Alfa Romeo Mito 1.4 MultiAir 135 TCT road test: Fast and fun!

Alfa Romeo Mito 1.4 MultiAir 135 TCT road test report and review
Alfa Romeo Mito 1.4 MultiAir 135 TCT road test report and review

With its TCT twin-clutch transmission system, DAVID HOOPER’s road test and review of the Alfa Romeo Mito 1.4 MultiAir 135 TCT proves the little Alfa MiTo is not only fast, it’s fun, too.

Alfa Romeo Mito 1.4 MultiAir 135 TCT road test report and review
Alfa Romeo Mito 1.4 MultiAir 135 TCT road test report and review

I HAVE always been a fan of the Alfa Romeo MiTo. It’s friendly “face” with its oval headlights give the car a slightly surprised expression, but one which is quite endearing.
In this guise, you get three doors, a reasonable sized boot for the dimensions of the car, and room in the back for two passengers to sit comfortably.
It’s actually quite a stylish little car, perhaps no surprise being an Alfa Romeo, especially when you see some of the concept cars being shown recently, but when you look more closely at some of the detail, you begin to appreciate it more.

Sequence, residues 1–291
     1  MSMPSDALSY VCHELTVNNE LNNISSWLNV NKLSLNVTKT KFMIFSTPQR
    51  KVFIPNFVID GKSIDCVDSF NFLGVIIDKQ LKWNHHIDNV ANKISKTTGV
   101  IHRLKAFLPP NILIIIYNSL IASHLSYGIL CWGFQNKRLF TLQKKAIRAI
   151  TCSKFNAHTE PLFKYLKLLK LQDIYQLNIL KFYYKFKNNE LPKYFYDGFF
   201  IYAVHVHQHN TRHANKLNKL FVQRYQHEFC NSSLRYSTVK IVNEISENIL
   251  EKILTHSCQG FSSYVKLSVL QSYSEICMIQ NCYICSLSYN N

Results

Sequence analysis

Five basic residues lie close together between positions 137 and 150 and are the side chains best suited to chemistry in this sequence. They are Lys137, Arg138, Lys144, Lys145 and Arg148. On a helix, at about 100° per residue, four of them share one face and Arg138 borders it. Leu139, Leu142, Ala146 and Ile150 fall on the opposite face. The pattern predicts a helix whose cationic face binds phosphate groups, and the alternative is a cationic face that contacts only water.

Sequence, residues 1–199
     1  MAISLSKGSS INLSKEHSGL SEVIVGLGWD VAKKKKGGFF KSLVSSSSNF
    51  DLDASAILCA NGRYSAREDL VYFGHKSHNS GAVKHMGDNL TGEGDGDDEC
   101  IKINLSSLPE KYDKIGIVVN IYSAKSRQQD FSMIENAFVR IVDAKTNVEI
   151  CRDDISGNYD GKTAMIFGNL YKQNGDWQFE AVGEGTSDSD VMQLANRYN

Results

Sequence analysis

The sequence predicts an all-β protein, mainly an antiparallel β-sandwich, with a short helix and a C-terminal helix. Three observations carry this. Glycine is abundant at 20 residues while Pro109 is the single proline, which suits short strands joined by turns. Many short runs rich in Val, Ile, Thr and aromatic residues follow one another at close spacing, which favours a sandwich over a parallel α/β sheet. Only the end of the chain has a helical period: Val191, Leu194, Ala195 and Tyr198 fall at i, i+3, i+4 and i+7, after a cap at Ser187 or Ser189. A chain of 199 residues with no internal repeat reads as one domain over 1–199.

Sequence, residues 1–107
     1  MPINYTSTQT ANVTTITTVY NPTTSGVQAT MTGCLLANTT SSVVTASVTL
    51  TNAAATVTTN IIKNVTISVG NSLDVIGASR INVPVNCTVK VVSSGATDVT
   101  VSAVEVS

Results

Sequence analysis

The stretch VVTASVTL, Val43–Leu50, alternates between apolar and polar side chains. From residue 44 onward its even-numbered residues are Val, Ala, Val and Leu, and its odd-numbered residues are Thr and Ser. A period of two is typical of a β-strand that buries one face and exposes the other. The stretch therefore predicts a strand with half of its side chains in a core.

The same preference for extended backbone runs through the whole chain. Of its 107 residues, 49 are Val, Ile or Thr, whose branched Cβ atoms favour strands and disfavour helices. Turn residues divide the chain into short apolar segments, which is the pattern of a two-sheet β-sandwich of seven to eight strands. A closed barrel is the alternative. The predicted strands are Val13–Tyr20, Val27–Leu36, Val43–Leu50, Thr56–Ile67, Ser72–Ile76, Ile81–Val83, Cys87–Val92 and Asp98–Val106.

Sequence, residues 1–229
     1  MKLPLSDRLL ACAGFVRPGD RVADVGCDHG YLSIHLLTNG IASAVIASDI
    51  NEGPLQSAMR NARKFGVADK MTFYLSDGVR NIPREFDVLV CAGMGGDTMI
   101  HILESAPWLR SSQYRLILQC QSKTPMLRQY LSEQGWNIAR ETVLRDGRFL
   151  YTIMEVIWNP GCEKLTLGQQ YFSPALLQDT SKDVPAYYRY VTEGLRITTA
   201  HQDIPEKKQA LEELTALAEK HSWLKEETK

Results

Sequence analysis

The beautifully sculpted sports seats not only look good, but they’re comfortable, and I love the Alfa Romeo badge stitched into the seats.
There’s a good range of adjustment, both in seat height, positioning and with a reach and rake steering wheel, finding a comfortable driving position only takes a couple of minutes.
Alfa Romeo Mito 1.4 MultiAir 135 TCT road test report and reviewUnder the bonnet lurks the Fiat Group’s 1368cc four-cylinder powerplant, complete with its turbo which gives lively performance from its 135bhp, launching the car from rest to 62mph in a respectable 8.2 seconds on its way to a potential top speed of 129mph, but it’s the gearbox in this car which is the real story.
TCT stands for Twin Clutch Transmission, and without getting too technical, has two clutches working on alternate gears, so that the next gear is always engaged, which means that gear changes are lighting quick, without the pregnant pause between gearchanges you get with a traditional automatic with torque converters.